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The Use of Lupin Protien Isolate in Mayonnaise Dissertation

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Lupin is a legume and classified as a non- starch seed that has high amounts of protein and low oil content. There are different species of lupin and the type that is used for food purposes is known as Lupinus angustifolius or sweet Australian (Duranti et al. 2008). Proteins are normally used as food additives since they contribute to sensory attributes and improve the stability of different food products (Rodriguez-ambriz et al. 2005).

Proteins from animal source such as whey protein isolate (Perez et al. 2009) and egg yolk which have good emulsifying properties are used in many food applications (Daimer and Kulozik 2009). However, the high cost that is associated with animal base protein led to the use of alternative sources such as lupin protein isolate and because they have an excellent emulsifying and foaming properties (Raymundo et al. 2002). Lupin protein isolate are used in a wide range of food applications including the preparation of mayonnaise (Rosenthal 1999).


The aim of this study is to examine the use of lupin protein isolate in producing vegetable based mayonnaise at different concentration levels.

Lupin proteins help to produce foam and are used as a vegetable alternative to egg-white foams in food products. One such product that requires large numbers of eggs for foam production include mayonnaise, which is an appetizing food consumed for its unique mouth feel and texture.

Lupin protein isolates are used at varying levels to indicate the effects of varying concentrations on the end product, i.e. mayonnaise. Vegetable based mayonnaise is normally prepared with egg whites. In this study, we have used lupin protein isolates to prepare mayonnaise, but the levels of the concentration of the protein molecules vary.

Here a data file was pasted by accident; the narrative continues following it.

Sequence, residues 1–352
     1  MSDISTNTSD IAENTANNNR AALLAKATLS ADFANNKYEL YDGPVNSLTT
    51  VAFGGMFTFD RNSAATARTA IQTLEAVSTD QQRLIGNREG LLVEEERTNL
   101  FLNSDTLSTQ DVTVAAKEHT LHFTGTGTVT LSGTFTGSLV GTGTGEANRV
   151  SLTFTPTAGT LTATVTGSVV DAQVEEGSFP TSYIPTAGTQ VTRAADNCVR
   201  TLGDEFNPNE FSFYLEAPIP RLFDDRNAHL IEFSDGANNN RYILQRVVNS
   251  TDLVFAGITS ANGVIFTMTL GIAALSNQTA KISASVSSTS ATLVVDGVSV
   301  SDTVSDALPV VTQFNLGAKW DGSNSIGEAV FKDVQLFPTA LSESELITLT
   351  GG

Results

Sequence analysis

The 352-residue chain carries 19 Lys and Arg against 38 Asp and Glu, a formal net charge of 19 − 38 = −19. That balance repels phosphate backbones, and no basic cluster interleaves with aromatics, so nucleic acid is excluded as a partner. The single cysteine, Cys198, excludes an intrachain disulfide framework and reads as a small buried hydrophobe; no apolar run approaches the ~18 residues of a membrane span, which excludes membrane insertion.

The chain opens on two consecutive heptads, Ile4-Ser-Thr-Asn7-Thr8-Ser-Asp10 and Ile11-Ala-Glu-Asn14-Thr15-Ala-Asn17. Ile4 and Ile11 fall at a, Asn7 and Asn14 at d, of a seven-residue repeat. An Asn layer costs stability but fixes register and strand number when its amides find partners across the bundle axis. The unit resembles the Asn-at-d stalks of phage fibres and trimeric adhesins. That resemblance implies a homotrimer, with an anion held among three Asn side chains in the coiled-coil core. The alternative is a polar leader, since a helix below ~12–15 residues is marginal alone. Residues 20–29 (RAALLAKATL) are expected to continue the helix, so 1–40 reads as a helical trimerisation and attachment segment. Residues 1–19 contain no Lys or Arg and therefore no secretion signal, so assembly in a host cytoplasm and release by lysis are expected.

Our objective is to analyze the difference in the end results of the mayonnaise produced, for the texture, and the droplet size. We will see how, if any, the varying levels of lupin content in the preparation of the mixtures affect the results obtained, and then analyze the effects observed.

The importance of conducting this study would be to distinguish the effects of lupin protein isolates concentration on proteins. On achieving a result, we can recommend mayonnaise manufacturers to use isolates of lupin proteins to enhance their productions, if they are interested. It has health benefits for which it can be increasingly used in food products today (Sweetingham).



  • Centrifuge machine
  • Test tubes
  • Graduated cylinder
  • Pipets
  • Balance
  • Filtration devices


  • Lupin protein in different concentration
  • Xanthan as thickening agent
  • Flour sample
  • Distilled water
  • NaoH (0.1M)
  • HCL ((0.1)

Protein extraction process

The flour sample, however, is dissolved in distilled water (10% w/v) for about 30 minutes and a concentration of 0.1 M of NaOH is included to correct the PH to 9 and then stirred for one hour followed by centrifugation at 3000 rpm for 20 minutes. The supernatant was acidified by using 1M HCl to adjust the PH to 4.5 for protein precipitation. The precipitated protein was separated by centrifuging at 3000 rpm for 20 minutes (Rodriguez-ambriz et al. 2005). The precipitated protein is freeze dried and stored at -20 C.

The formulation process